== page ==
Addressing the challenges of big data requires a combination of human intuition and automation. Rather than tackling these challenges head-on with build-from-scratch solutions, or through general-purpose database systems, developer and analyst communities are turning to building blocks: Specialized languages, runtimes, data-structures, services, compilers, and frameworks that simplify the task of creating a systems that are powerful enough to handle terabytes of data or more or efficient enough to run on your smartphone. In this class, we will explore these fundamental building blocks and how they relate to the constraints imposed by workloads and the platforms they run on.
Coursework consists of lectures and a multi-stage final project. Students are expected to attend all lectures. Projects may be performed individually or in groups. Projects will be evaluated in three stages through code deliverables, reports, and group meetings with either or both of the instructors. During these meetings, instructors will question the entire group extensively about the group's report, deliverables, and any related tools and technology.
After the taking the course, students should be able to:
Design domain specific query languages, by first developing an understanding the common tropes of a target domain, exploring ways of allowing users to efficiently express those tropes, and developing ways of mapping the resulting programs to an efficient evaluation strategy.
Identify concurrency challenges in data-intensive computing tasks, and address them through locking, code associativity, and correctness analysis.
Understand a variety of index data structures, as well as their application and use in data management systems for high velocity, volume, veracity, and/or variety data.
Understand query and program compilation techniques, including the design of intermediate representations, subexpression equivalence, cost estimation, and the construction of target-representation code.
Adaptive indexes are a mechanisms to improve the performance of a database by modifying indexing structures "on-the-fly" instead of in one large and costly bulk operation. Adaptive index have been shown to work very well, but only on worklaods that exhibiti sepcific characteristics. JITDs are a generalization of adapative indexes, allowing for the expression of many different types of adaptive indexes. To do this, they provide basic building blocks called nodes that define index structure. How nodes "fit" together ends up defining index behavior.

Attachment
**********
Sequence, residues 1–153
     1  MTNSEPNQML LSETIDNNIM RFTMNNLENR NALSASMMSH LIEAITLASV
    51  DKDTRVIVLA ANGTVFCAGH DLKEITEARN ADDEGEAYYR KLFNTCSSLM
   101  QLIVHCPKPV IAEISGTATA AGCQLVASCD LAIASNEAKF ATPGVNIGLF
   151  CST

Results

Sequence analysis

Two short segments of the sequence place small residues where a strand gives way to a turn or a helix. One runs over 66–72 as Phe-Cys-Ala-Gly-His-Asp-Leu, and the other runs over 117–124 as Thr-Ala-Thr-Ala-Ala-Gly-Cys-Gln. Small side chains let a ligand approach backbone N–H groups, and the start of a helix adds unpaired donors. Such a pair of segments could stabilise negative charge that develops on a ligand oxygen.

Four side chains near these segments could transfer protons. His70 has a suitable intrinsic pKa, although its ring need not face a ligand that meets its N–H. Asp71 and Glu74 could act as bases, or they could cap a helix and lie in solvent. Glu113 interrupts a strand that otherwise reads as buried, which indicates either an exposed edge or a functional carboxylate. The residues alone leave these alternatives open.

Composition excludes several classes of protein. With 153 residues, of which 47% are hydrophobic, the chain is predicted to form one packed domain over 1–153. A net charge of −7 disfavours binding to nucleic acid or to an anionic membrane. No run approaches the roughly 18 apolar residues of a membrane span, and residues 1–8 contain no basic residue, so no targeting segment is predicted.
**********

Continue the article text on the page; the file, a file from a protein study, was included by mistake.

This project is aimed at coming up with and studying a specific workload and structuring a policy to manage the creation and usage of nodes based on this workload. The policy should result in runtime behavoir that is beneficial for the workload over classic, workload agnostic policies.
While "big data" is all the rage, another important type of data is the data gathered and curated on your mobile devices. We call this data "pocket data".
In this project you will be given access to anonymized traces of database usage patterns on mobile devices. This data has been gathered "in the wild" through the phonelab project. You will be tasked with analyzing this data set and characterising different applicaitons based on how they utilize pocket data. Based on your analysis, you will be create a benchmark that exhibits the characteristics you observed and test the performance of modern mobile databases and compare and contrast how they perform with respect to classic database implementations.
Mimir is a probabilistic database for data cleaning. The idea is to acknowledge that, while automation is amazing and makes data management easy, automation usually relies on heuristics that could screw things up. Instead of hiding potential screw-ups from the user, Mimir keeps track of where things might go wrong, communicates that information to users, and helps them overcome potential consequences of screw-ups.
While Mimir makes data quality more intuitive, it's still limited to classical SQL queries. For this project, you will explore a variety of graphical user interfaces for data, and integrate one or more of them into Mimir itself.
The goal of this project idea is to first apply a few performance improvements to Mimir's existing SQLite backend, and then port those improvements to Postgres. The main optimization target is a sort of placeholder that Mimir uses to mark places in the data where automated heuristics needed to make a choice (that could be screwed up). The placeholders (or VG Terms) get filled in with Mimir's best guess when the user runs a query... a process that is pretty expensive the way Mimir does it right now. After improving the situation for SQLite, the next step of the project (time permitting) would be to port Mimir (and the fix) to Postgres.
The course will involve lectures and readings drawn from an assortment of academic papers selected by the instructors. There is no textbook for the course.
Students may discuss and advise one another on their lab projects, but groups are expected to turn in their own work. Cheating on any course deliverable will result in automatic failure of the course. The University policy on academic integrity can be reviewed at: http://academicintegrity.buffalo.edu/policies/index.php
If you have a diagnosed disability (physical, learning, or psychological) that will make it difficult for you to carry out the course work as outlined, or that requires accommodations such as recruiting note-takers, readers, or extended time on exams or assignments, please advise the instructor during the first two weeks of the course so that we may review possible arrangements for reasonable accommodations. In addition, if you have not yet done so, contact the Office of Accessibility Resources (formerly the Office of Disability Services).